Author: Thomas A. Foster
Series: Sexuality Studies
Publication Information: Philadelphia: Temple University Press, 2014
ISBN: 1439911029 (978-1439911020)
Library of Congress Classification: E302.5
Library of Congress Subject Headings:
Founding Fathers of the United States—Sexual behavior—United States—History
Presidents—Sexual behavior—United States—History
United States—History, 1783-1815—Biography
This is an interesting book.
Anything that has sex in the title usually sells, and Foster goes through the sex lives of the Founding Fathers: Washington, Adams, Jefferson, Franklin, Hamilton and Gouverneur Morris, the least remembered. Foster traces how the sex lives (what we know about them, which in most cases is not much) have changed in biographies over time from right after the Revolutionary War to now. It is a fascinating look at how society has perceived the Founders, and the importance of their sex lives is to the public.
Most of the Founders left very little about their personal lives, with the exception of Franklin and Morris. With George’s death, Martha Washington burned most of their correspondence so little of it remains. Adams was fearful of putting anything private in letters because a popular past-time was the reading of letters to friends and relatives. Private parts of letters were marked but Adams took no chances. What is known about Jefferson and Sally Hemings, the slave who is now believed was his lover, is circumstantial. Such stories circulated about Jefferson while he lived, but such stories were put out by political opponents to smear their rivals. There is no doubt that Hemings’ descendants are related to the third president, but was he or another Jefferson her lover?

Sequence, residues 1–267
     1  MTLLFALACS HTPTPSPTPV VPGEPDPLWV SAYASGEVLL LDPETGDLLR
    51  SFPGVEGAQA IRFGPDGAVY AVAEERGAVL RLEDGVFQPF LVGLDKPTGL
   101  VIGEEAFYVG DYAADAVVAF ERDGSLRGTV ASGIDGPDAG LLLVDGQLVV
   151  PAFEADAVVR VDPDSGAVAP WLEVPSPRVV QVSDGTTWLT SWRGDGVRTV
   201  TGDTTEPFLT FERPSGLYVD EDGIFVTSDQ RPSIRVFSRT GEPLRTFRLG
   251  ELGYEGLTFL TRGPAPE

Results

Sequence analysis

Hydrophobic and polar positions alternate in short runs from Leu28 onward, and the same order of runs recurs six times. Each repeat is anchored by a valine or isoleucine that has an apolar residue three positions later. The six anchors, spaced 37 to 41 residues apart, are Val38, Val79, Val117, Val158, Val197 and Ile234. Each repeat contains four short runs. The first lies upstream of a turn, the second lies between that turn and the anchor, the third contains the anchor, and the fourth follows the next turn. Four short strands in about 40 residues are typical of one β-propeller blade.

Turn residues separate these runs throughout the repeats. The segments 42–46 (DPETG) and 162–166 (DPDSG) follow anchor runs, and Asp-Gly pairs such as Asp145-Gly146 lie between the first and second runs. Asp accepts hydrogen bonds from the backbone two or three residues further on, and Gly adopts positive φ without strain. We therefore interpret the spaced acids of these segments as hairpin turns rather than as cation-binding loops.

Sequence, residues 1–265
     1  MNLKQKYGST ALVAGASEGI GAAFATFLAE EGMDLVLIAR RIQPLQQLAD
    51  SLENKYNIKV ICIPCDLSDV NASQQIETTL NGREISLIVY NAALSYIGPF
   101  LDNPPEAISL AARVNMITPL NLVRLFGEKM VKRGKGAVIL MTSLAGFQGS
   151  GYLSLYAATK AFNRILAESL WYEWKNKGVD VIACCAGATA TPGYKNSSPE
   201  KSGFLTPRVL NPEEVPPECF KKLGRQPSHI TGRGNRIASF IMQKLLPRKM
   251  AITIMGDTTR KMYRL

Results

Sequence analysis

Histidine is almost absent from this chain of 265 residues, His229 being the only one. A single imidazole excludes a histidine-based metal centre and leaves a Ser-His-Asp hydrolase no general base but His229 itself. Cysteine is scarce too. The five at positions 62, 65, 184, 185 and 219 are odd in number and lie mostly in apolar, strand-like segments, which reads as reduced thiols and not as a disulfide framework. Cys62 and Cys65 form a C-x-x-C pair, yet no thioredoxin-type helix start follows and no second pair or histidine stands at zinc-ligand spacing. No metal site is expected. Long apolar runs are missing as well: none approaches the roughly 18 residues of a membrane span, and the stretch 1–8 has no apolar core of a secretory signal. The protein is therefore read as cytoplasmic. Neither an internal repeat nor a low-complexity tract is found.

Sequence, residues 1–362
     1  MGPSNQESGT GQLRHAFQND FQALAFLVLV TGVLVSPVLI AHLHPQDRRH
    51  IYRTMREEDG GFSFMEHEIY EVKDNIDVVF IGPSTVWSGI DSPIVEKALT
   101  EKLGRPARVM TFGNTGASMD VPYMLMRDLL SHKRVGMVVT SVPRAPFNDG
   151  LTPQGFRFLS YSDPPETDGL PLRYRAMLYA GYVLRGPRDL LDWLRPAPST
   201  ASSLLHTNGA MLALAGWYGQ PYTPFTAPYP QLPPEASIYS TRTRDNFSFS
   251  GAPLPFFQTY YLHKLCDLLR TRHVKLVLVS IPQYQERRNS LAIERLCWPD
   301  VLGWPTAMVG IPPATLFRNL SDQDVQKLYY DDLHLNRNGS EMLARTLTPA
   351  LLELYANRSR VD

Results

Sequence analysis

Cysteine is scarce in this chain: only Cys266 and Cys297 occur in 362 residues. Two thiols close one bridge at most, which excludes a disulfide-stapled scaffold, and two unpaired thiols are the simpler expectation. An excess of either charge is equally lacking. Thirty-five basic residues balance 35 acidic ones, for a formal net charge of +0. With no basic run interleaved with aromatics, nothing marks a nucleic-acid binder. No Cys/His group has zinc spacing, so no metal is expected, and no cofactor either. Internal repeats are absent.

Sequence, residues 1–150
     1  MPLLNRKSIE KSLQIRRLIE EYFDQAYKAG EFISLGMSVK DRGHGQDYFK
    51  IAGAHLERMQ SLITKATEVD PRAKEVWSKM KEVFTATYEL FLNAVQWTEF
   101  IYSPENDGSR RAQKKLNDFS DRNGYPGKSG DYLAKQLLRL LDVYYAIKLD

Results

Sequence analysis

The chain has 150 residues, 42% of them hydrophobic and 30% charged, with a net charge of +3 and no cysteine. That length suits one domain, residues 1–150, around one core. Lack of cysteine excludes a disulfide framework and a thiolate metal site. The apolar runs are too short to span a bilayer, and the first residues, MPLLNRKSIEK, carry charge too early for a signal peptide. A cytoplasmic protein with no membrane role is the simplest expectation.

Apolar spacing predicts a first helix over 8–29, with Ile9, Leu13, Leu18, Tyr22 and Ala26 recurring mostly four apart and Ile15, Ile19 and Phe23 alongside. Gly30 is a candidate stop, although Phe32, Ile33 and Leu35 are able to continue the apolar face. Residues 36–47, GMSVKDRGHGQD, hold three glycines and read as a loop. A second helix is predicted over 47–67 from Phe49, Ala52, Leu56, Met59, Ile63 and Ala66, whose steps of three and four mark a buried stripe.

Hamilton’s affair with another woman was made public by his enemies because he was being blackmailed by the woman and her husband; he enemies wanted to cast Hamilton as an embezzler of public funds to pay off the blackmailers. This proved to be untrue and Hamilton, who was illegitimate, went public with what happened to him. Washington stood by him.
Franklin wrote is autobiography, which allowed him to shape his legacy, the only Founder to do so. His oldest son was born out of wedlock, and Franklin and his wife raised the boy. Franklin has always been seen as a ladies man, and he was sexually active before he married. He also had plenty of opportunities when he was in France. Franklin made the rounds of the salons that were run by women, but these groups were more than just social get-togethers. Politics, dealing and spying were rolled into the gatherings presided over by the French aristocratic women. Did Franklin cheat on his wife, or was it all just show? He is not considered a good husband; even after receiving a letter from his wife imploring him to return home to see her before she died, he did not come back until after her death.
Was Adams a good husband? Like the relationship between George and Martha Washington, the marriage of John and Abigail Adams has been portrayed as loving and warm. Adams was not at home much, traveling around the colonies and eventually going to France with Franklin to represent the United States at the French court during the Revolution. Again, there is not much evidence to base a judgment. Hamilton is seen by many as the “gay” Founder because of an intense relationship he had with another soldier in the Revolutionary Army. There are letters where their affection for one another is evident, but Foster points out that letters of the time were written in a certain style. Was Hamilton close friends with this young man, who died in the Revolution, or were they lovers? Again, the evidence is circumstantial.
Morris’ legacy was mixed right after he died; he was a known libertine, at least before he got married (in his 50s); he liked sex, and he liked women. Unlike the rest, including Franklin, Morris kept extensive diaries that not only discussed what he was doing but with whom he was having affairs. It was not unusual for Morris to record his activities in the salon, doing some political dealing, then slipping off to have a tryst with his favorite aristocrat, whose cuckold husband was clueless and, at least in one case, was in the next room. What is most shocking is that many of Morris’ entries have been vandalized; lines and pieces of entries have been scratched out, making much of it unreadable. An earlier biography by a relative cited some of these now-destroyed entries, so who vandalized the diaries?
A very interesting book.